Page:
Here’s a Chekhovian regret for you: Stupid Fucking Bird is gone

Cast of Stupid Fucking Bird, Edmonton Actors Theatre. Photo by Mat Simpson.

By Liz Nicholls, 12thnight.ca

Haven’t you ever watched yourself and got the vague feeling you’re a spectator in your own life instead of a participant? Or maybe a fictional character in something kind of meandering and plotless instead of something that gets you happier? 

Chekhov is there for you, my friend. And Stupid Fucking Bird, Aaron Posner’s contemporary re-imagining of (and homage to) Chekhov’s The Seagull really has your back. I saw the last performance Sunday of Dave Horak’s terrific Edmonton Actors Theatre production (which will sound like I’m just rubbing it in here if you missed it). But I can’t stop thinking about its uncanny insights into our frantic quest for mutual love, human connection, sustainable happiness — in all its absurdities. And the way we never stop feeling like we’re outside looking in, thwarted at every turn.

In fact, Con, Posner’s version of The Seagull’s Constantin — an aspiring playwright burning with frustration at the conventional in theatre — says“thwarted” over and over, in every possible permutation and combination, till the word loses all sense and becomes a goofy sound effect.

Stupid Fucking Bird, in a cheeky retrofit of the Chekhov, is the world seen through Con’s eyes;  he’s a thwarted character in this, his own play. And he stands outside to chat with us directly, asking for pointers on how to win the love of the elusive Nina (Zoe Glassman), an up-and-coming actor in love with the idea of her own fame. In fact, the play starts with Con telling us it isn’t going to start till someone says “start the fucking play.” And he waits till one of us does just that. Mat Simpson is absolutely compelling, start to finish.

In Stupid Fucking Bird, a title that strikes exactly the right note of sass and exasperation, is all about the absurdity of criss-crossed arrows of desire. Why don’t the right people love you back when you love them so intensely? Mash, played with amusingly pitch-perfect acid-tinged ennui by Paula Humby — her whole body can do one of those skeptical eye-rolls — is so smitten by Con she barely has time for the eager, friendly Dev (Ben Stevens) who’s besotted by her. At moments of extreme frustration, she takes to the ukulele and sings hilariously bleak ditties of her own device: “you’re hot, you rot, and then you’re done/ And where’s the part of this that’s fun….”  That sort of thing.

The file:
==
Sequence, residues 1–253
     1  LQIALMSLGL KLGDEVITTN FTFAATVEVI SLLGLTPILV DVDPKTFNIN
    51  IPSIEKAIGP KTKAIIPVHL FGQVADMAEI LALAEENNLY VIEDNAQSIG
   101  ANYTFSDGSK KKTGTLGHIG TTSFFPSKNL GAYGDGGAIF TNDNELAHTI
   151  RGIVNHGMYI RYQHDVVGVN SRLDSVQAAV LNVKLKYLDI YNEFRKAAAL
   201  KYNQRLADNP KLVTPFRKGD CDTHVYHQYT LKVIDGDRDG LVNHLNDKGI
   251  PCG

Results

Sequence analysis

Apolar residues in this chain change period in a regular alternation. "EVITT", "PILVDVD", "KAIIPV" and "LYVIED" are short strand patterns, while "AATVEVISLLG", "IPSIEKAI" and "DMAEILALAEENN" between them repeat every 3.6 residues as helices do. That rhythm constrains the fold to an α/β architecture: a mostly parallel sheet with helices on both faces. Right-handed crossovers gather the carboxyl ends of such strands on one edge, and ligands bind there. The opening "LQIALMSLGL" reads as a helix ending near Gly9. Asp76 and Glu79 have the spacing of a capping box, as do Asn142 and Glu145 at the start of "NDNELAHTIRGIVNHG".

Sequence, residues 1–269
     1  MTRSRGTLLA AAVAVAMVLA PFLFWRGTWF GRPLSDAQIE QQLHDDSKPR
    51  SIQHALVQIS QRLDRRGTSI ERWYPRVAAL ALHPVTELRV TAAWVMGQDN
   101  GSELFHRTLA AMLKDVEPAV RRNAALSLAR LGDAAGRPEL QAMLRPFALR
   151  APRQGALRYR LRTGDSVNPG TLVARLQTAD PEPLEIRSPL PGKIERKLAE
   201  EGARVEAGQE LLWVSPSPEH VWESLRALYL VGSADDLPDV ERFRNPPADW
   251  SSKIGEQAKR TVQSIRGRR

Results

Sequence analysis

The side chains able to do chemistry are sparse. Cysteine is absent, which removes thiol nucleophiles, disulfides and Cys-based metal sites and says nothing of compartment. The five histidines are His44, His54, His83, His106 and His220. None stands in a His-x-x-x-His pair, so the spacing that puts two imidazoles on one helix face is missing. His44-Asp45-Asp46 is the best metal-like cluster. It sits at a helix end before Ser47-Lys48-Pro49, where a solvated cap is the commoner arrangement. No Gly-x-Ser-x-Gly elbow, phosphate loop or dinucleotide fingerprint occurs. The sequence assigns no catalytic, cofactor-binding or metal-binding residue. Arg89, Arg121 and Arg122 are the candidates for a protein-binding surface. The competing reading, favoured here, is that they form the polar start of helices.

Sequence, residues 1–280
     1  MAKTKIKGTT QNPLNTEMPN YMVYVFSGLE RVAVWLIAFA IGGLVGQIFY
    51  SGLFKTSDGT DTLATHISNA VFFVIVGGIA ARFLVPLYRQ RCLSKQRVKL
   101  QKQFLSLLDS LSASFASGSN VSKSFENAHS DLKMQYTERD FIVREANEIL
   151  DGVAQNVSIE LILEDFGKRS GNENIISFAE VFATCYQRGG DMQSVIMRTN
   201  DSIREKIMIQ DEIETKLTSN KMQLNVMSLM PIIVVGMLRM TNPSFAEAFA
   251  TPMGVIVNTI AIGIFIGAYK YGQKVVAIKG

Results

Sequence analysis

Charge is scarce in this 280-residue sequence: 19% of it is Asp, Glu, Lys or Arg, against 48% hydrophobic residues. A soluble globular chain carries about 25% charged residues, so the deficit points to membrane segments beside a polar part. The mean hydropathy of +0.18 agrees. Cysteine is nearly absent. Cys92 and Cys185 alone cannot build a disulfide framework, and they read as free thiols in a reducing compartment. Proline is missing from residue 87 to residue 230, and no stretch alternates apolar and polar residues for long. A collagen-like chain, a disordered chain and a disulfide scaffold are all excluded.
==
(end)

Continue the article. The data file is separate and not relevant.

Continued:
Dev’s unfailing attempts at hopefulness are consistently funny and touching, as Steven delivers them. He tries so hard; he’s thwarted so regularly.  He’s the one who tries to let Con down gently, but is too forthright not to tell him the truth. Will Nina ever love Con? Well, no.

Melissa Thingelstad is tremendously funny as Emma, the play’s Arkadina, famous grande dame actress, queen of the flamboyant ego, aware of her audience at every second. Thingelstad’s creation knows that noblesse oblige is merely a theatrical ruse. She sees through herself but carries on in spirited fashion anyway, just because it tickles her to be an Artist. And her relationship with her equally famous writer lover, played with worldly authority by Ian Leung in another of the play’s fine comic performances, has every kind of nuance of power and vulnerability.   

In this crowd of theatre people and writers, the only character who isn’t an artist is a doctor (Robert Benz). And he’s been foiled, not by love or God but by time. Pushing 60 and bemused by the frantic disappointments around him, he mixes himself a cocktail and muses that he wants to be 27 again. “I think I’m ready to do my late 20s really well now….”

I loved the mixture of ruthless upward mobility and fragility in Glassman’s Nina, who comes onto Trigorin relentlessly, gets her man and chance at stardom, and gets discarded by both in turn. Horak gets sharp, very funny and rueful, naturally detailed performances from all his actors.

Stephanie Bahniuk, who should be getting snapped up by theatre companies across town, designs a frankly fake bucolic space with astroturf, the classic Chekhov birch trees as playing areas, and an abstract wall of domestic cubbyholes.

It was a great show. I hope you saw it. And if you didn’t, now’s your moment to sample a Chekhovian regret for missed opportunity.

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